The German ethics commission, set up after the Fukushima disaster, has been discussing the future of nuclear power in a live television broadcast. In May, the commission will present its findings to the government.
Töpfer (l.) and Kleiner are heading the commission
A specially-convened ethics commission to discuss how long Germany needs to arrive at a nuclear-free future continued its work on Thursday.
At a meeting in Berlin, the commission heard from around 30 experts from the energy industry, consumer groups, the scientific community and environmental organizations. The day-long session was broadcast live on German television and the Internet, giving the public a sense of how a secure energy supply could be guaranteed without nuclear power.
"By holding it in the public domain, the commission wants to demonstrate that the debate should be transparent," said Matthias Kleiner, President of the German Research Foundation. "There are no easy answers."
Chancellor Angela Merkel set up the ethics commission following the nuclear disaster at Fukushima in Japan. The commission, headed by former Environment Minister Klaus Töpfer and scientist Matthias Kleiner, will put forward its recommendations to the federal government on May 28.
Johannes Teyssen is urging caution on a nuclear pull-out
Töpfer, from Merkel's ruling Christian Democrats, told the commission that even before the Chernobyl nuclear disaster 25 years ago, the German public had considered nuclear energy to be a transitional technology.
Cost of change
But the head of the German energy company E.ON warned the commission against a rash phase-out of nuclear power.
"Everyone knows an immediate pull out is impossible anyway," Johannes Teyssen told the commission. He said atomic power was necessary as a bridging technology in order to allow a smooth transition to renewable energy sources.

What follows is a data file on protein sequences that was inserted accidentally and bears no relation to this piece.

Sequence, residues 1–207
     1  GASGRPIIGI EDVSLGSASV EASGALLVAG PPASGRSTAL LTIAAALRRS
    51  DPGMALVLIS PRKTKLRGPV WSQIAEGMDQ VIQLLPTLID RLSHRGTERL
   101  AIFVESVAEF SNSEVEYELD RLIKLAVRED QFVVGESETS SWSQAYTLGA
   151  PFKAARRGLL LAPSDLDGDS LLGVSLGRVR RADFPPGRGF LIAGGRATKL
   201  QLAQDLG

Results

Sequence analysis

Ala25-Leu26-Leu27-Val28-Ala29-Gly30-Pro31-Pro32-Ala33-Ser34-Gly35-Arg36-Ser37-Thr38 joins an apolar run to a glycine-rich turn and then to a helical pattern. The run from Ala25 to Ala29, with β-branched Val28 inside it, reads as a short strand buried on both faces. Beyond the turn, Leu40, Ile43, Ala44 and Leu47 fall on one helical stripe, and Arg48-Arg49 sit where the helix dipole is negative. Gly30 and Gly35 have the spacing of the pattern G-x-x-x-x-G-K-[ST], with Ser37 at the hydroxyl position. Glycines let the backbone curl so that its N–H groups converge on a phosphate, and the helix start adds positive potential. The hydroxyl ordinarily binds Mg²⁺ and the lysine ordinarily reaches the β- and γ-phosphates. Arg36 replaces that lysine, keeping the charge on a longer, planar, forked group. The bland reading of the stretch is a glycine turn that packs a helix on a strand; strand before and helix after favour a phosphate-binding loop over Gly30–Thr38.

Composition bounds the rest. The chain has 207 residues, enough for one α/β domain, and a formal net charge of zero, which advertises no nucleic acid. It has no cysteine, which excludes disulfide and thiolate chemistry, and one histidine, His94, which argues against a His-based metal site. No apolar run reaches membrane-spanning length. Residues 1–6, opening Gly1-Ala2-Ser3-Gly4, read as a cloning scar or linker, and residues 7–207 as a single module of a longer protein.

"You can't simply make this bridge shorter or narrower at will, because the valley cannot be made any smaller," Teyssen said.
Teyssen also warned that switching to alternative energy would have a negative impact on consumer prices, and on the environment.
However, energy expert Henrik Paulitz from the anti-nuclear organization IPPNW disagreed. He told the commission it wouldn't be necessary to build new coal and gas power stations. Paulitz claimed there were already enough plants to cope with the power demand even without nuclear backup.
The images of the explosions at the Fukushima reactor alarmed the German public
Learning from Japan
Germany has had to reassess its protection against nuclear disaster, according to the interior minister of the western German state of Rhineland-Palatinate, following the dramatic events at Japan's Fukushima reactor after it was damaged by an earthquake and tsunami in March.
"Today, we must assess the risks differently than we would have done before Fukushima," said Karl-Peter Bruch from the opposition German Social Party. "We have to analyze precisely what we need in terms of emergency shelter and protection suits and how we would evacuate a town if a number of tragic events were happening simultaneously."
Author: Joanna Impey (epd, KNA, Reuters)
Editor: Rob Turner